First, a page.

• I'm going to put my jerk hat on and say that's 66 math problems, total. Each table of 144 entries is identical, and multiplication is commutative, so almost half of those 144 problems are identical to another problem in the table, i.e. once you have 4*6 you don't have to solve for 6*4.

        I think that's the most valuable lesson you can learn from multiplication tables, that multiplication is commutative and that the answer to those problems don't change day-to-day.

        I'm going to replace my jerk hat with my "feeling stupid" hat and say it's actually 78 problems. :-/

      • Maybe so, but I was in fourth grade so I didn't realize that at the time. Remember, I had trouble with them. But that was still way too much work for kid that age.
        • by RockDoctor (15477)

          Maybe so, but I was in fourth grade so I didn't realize that at the time. Remember, I had trouble with them.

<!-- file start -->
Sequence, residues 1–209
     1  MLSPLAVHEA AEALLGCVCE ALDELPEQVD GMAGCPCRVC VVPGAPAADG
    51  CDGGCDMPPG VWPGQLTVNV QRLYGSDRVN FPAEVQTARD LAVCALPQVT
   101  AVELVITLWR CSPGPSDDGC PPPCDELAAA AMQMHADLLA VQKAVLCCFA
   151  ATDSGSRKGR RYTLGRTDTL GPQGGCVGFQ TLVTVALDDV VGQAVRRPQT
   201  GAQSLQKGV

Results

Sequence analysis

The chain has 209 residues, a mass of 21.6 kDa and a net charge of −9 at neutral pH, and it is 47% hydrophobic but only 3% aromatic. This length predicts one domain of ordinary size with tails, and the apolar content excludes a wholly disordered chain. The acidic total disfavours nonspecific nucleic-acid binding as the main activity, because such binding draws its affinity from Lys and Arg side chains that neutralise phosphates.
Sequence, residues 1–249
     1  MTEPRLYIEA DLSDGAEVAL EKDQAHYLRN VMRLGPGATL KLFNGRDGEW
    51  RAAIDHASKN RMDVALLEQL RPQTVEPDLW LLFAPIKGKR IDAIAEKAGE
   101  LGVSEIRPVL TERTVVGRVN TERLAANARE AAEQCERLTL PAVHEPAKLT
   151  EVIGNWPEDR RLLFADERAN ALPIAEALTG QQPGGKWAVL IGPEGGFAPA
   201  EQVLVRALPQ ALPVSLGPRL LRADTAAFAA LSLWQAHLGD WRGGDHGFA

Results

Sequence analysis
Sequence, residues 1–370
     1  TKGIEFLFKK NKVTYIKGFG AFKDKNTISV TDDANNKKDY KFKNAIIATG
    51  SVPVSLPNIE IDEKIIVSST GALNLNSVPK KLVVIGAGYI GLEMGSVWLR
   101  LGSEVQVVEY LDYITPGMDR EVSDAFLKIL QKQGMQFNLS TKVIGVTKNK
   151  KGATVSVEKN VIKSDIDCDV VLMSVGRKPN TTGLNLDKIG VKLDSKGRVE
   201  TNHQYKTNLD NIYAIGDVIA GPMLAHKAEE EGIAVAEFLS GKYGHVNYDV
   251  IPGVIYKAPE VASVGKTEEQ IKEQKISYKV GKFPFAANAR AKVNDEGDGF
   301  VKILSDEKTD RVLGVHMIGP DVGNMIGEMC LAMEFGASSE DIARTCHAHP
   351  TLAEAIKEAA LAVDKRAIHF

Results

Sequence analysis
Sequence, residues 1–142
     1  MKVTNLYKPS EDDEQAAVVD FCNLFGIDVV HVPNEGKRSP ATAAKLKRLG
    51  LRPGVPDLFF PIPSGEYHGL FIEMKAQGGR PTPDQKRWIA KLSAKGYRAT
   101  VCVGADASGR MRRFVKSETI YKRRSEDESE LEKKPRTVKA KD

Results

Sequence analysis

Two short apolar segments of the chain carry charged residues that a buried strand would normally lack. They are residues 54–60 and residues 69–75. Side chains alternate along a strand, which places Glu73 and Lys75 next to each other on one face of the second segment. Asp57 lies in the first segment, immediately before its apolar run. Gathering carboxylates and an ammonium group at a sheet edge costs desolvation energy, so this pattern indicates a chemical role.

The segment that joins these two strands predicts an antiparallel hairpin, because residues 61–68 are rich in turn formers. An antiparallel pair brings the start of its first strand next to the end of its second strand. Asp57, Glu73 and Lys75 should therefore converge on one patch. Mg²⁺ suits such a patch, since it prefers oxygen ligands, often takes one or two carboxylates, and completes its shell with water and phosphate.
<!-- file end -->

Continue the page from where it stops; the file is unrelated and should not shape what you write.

Which is part of the point of doing homework. Wondered when you'd get that.

          But that was still way too much work for kid that age.

          If I knew what age "4th grade" was in your country, I might agree. Guessing on it meaning about 9, that's not unreasonable. 2 to 3 hours work. If you want to make it shorter, then you get smarter. Again, that's part of the point of homework.

        • Perhaps, but you know them now right? I will say that I believe there are better ways, but the greatest minds are not working on that which is most important thing for society. Without education, you can't have health and security.

      • by Whorhay (1319089)

        I got in trouble once doing this kind of reptitive homework. I had to write each word from a list of words a large number of times. After doing a few iterations of a word I realized it might be quicker to write the first letter for each of that particular word and then do the second and such, rather than writing out the whole word at once before going to the next iteration of that word. This way I didn't have to remember how to spell the word but instead just remember what letter I was writing. It ended up